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Christmas with André, a festive celebration, features an 80 minute recorded Christmas concert, packed with Christmas favourites including Hallelujah, Jingle Bells, White Christmas, Amazing Grace and many more!
Exclusively for cinemas, André invites his fans to his hometown with an intimate live tour of Maastricht's magical Christmas highlights, as well as participating in an interactive Q&A hosted by Charlotte Hawkins. We will be asking cinema managers to send their photos of guests arriving for the event, to be included in a special "Cinema Audience" segment played out at the end of the broadcast!
|Saturday 19 Nov 2016||17:00|
Belle, whose father is imprisoned by the Beast, offers herself instead, unaware her captor to be an enchanted prince.
|Saturday 10 Dec 2016||14:00 (Teenage Cancer Trust Charity) (Low)|
John Osborne’s modern classic ‘The Entertainer’ is revived at the Garrick Theatre, starring Kenneth Branagh as the unforgettable Archie Rice, a racist, sexist music hall performer whose career is failing.
Set against the backdrop of Britain after the Second World War, director Rob Ashford summons up the grimy glamour of old vaudeville for this explosive exploration of the difference between who we are on stage and who we are in private.
Branagh takes up the role first made famous by the legendary Laurence Olivier, bringing ‘The Entertainer’ back onto the stage and screen.
|Thursday 27 Oct 2016||19:15|
Aged 43, Bridget Jones is struggling with the trials of life, not the least of which is her break up with her love Mark Darcy. Pushing forward and working to find fulfillment in other aspects of her life seems to do wonders until her love life comes back from the dead when she meets a dashing and handsome American named Jack (Patrick Dempsey). Things couldn't be better, until Bridget discovers that she is pregnant. Now, the befuddled mum-to-be, her loyal entourage of friends and eccentric co-workers, and her amused yet no-nonsense gynecologist, must work out if the proud father is Mark or Jack.
DEEPWATER HORIZON is a drama, based on real events, about an explosion aboard an oil rig in the Gulf of Mexico and the subsequent rescue of survivors.
In 1926, Newt Scamander (Eddie Redmayne) arrives at the Magical Congress of the United States of America for a meeting with an important official. At this meeting is a magically expanded briefcase, which houses a number of dangerous creatures and their habitats. When the creatures escape from the briefcase, it sends the American wizarding authorities after Newt, and threatens to strain even further the state of magical and non-magical relations.
The mistake has a devastating effect on Wizarding/No-Maj relations, which is already in a dangerous place, due to the threatening presence of the fanatical New Salem Philanthropic Society, an extremist organization dedicated to the eradication of wizard-kind. Newt battles to correct the mistake, and the horrors of the resultant increase in violence, fear, and tension felt between magical and non-magical peoples.
Six months after the events of the first film, Dory suddenly recalls her childhood memories. Remembering something about "the jewel of Morro Bay, California", accompanied by Nemo and Marlin, she sets out to find her family. She arrives at the Monterey Marine Life Institute, where she meets Bailey, a white beluga whale; Destiny, a whale shark; and Hank, an octopus, who becomes her guide.
In Ancient Japan, an eyepatch-wearing young boy named Kubo cares for his sick mother in a village. A spirit from the past turns Kubo's life upside down by re-igniting an age-old vendetta. This causes all sorts of havoc as gods and monsters chase Kubo. In order to survive, Kubo must locate a magical suit of armor once sought by his late father, a legendary Samurai warrior. He also gains some allies in Monkey and Beetle.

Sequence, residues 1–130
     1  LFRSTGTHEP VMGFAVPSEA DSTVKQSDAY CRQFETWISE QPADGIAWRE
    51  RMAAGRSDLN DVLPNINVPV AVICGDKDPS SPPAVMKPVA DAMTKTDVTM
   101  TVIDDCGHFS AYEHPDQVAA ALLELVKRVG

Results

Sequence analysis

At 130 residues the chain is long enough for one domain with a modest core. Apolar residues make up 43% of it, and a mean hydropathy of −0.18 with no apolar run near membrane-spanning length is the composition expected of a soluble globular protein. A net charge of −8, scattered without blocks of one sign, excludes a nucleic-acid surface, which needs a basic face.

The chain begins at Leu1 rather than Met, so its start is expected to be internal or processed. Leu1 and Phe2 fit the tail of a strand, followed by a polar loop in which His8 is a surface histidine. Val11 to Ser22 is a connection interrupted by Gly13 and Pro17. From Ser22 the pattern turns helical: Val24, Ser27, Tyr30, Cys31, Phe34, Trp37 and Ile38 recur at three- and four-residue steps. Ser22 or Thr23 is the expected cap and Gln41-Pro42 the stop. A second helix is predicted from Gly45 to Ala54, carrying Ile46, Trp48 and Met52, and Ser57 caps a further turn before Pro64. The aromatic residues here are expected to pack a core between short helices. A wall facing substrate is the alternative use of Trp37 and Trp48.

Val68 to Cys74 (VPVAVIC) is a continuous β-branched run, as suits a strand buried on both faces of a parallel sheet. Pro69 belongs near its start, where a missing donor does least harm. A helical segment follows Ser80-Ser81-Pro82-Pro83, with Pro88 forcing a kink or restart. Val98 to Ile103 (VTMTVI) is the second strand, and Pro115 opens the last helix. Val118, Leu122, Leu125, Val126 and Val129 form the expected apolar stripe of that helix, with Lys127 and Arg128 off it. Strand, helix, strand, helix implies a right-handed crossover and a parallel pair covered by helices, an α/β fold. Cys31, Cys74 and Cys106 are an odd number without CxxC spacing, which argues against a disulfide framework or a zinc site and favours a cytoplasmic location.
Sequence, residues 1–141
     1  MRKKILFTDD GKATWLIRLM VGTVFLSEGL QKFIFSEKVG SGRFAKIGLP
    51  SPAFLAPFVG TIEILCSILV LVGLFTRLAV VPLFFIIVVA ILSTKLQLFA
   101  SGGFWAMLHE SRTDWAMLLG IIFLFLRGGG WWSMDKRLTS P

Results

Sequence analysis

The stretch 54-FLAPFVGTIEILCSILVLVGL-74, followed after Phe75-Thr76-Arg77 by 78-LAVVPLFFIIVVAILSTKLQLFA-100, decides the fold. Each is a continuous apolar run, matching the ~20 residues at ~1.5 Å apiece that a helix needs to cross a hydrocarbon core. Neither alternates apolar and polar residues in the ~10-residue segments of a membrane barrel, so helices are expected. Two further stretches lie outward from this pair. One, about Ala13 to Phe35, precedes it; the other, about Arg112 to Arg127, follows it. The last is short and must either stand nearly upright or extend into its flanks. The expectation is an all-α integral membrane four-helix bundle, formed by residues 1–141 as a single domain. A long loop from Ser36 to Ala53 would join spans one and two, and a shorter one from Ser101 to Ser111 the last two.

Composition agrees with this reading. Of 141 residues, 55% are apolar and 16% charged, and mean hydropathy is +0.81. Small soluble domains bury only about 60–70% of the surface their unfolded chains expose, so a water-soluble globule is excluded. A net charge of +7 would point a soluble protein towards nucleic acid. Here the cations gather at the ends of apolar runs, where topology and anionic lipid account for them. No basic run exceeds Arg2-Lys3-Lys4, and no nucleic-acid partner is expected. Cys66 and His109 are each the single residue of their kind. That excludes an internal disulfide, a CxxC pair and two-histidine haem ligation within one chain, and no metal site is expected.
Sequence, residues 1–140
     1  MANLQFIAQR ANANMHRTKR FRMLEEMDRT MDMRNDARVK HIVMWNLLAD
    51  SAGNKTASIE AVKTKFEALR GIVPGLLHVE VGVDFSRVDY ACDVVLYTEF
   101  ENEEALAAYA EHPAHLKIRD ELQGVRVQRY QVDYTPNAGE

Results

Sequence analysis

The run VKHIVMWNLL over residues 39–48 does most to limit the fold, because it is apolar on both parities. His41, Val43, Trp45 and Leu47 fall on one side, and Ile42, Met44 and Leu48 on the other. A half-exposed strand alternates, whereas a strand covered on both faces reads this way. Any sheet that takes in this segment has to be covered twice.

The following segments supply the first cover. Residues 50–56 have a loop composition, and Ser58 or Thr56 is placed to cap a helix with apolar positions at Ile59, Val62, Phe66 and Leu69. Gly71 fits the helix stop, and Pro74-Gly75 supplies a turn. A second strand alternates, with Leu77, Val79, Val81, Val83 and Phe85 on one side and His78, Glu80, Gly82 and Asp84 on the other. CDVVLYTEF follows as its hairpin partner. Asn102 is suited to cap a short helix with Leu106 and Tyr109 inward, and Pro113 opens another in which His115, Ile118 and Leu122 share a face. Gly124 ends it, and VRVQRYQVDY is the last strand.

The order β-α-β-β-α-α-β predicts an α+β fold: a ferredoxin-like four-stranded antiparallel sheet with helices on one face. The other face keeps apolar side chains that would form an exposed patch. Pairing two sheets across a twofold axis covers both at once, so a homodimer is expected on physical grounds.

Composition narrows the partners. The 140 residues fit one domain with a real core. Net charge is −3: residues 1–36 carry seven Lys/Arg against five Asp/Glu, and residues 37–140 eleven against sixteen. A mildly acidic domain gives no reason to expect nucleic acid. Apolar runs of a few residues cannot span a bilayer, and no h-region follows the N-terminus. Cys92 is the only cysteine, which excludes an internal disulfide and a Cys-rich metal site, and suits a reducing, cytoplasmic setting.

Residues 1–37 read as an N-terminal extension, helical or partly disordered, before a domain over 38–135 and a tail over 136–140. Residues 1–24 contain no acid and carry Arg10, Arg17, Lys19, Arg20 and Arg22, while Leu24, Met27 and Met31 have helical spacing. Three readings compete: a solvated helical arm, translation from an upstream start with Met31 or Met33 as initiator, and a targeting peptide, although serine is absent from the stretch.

When tragedy strikes close to home, 16-year-old Jacob "Jake" Portman is forced to travel to a mysterious island in order to discover the truth of what really happened. Jake's ordinary life takes an extraordinary turn as the childhood fairytales he heard from his grandfather start to become more plausible. After stumbling into what seems to be a different world, Jake is introduced to the extraordinary Miss Peregrine and her peculiar children at Miss Peregrine's Home for Peculiar Children. But when what seems to be a fairytale takes a horrific turn, Jake is forced to make a life altering decision in order to protect the ones he loves from the monsters of his grandfather's past, the creepy Hollows and the dangerous Wights led by the terrifying Mr. Barron.
The legendary Miss Saigon, in cinemas for one night only.
This spectacular, sell-out 25th Anniversary Gala Performance of the global stage sensation also features appearances by the original cast including Jonathan Pryce and Lea Salonga. This acclaimed new production was described as “the most thrilling, soaring and emotionally stirring musical with magnificent performances” by the Daily Telegraph and “the greatest musical of all time” by the Daily Mail. The epic love story tells the tragic tale of young bar girl Kim, orphaned by war, who falls in love with American GI Chris – but their lives are torn apart by the fall of Saigon.
|Sunday 16 Oct 2016||14:00 (SOLD OUT) (Low)|
"I've no talent for life."
Just married. Bored already. Hedda longs to be free...
Hedda and Tesman have just returned from their honeymoon and the relationship is already in trouble. Trapped but determined, Hedda tries to control those around her, only to see her own world unravel.
Tony Award-winning director Ivo van Hove (A View from the Bridge at the Young Vic Theatre) returns to National Theatre Live screens with a modern production of Ibsen's masterpiece.
Ruth Wilson (Luther, The Affair, Jane Eyre) plays the title role in a new version by Patrick Marber (Notes on a Scandal, Closer).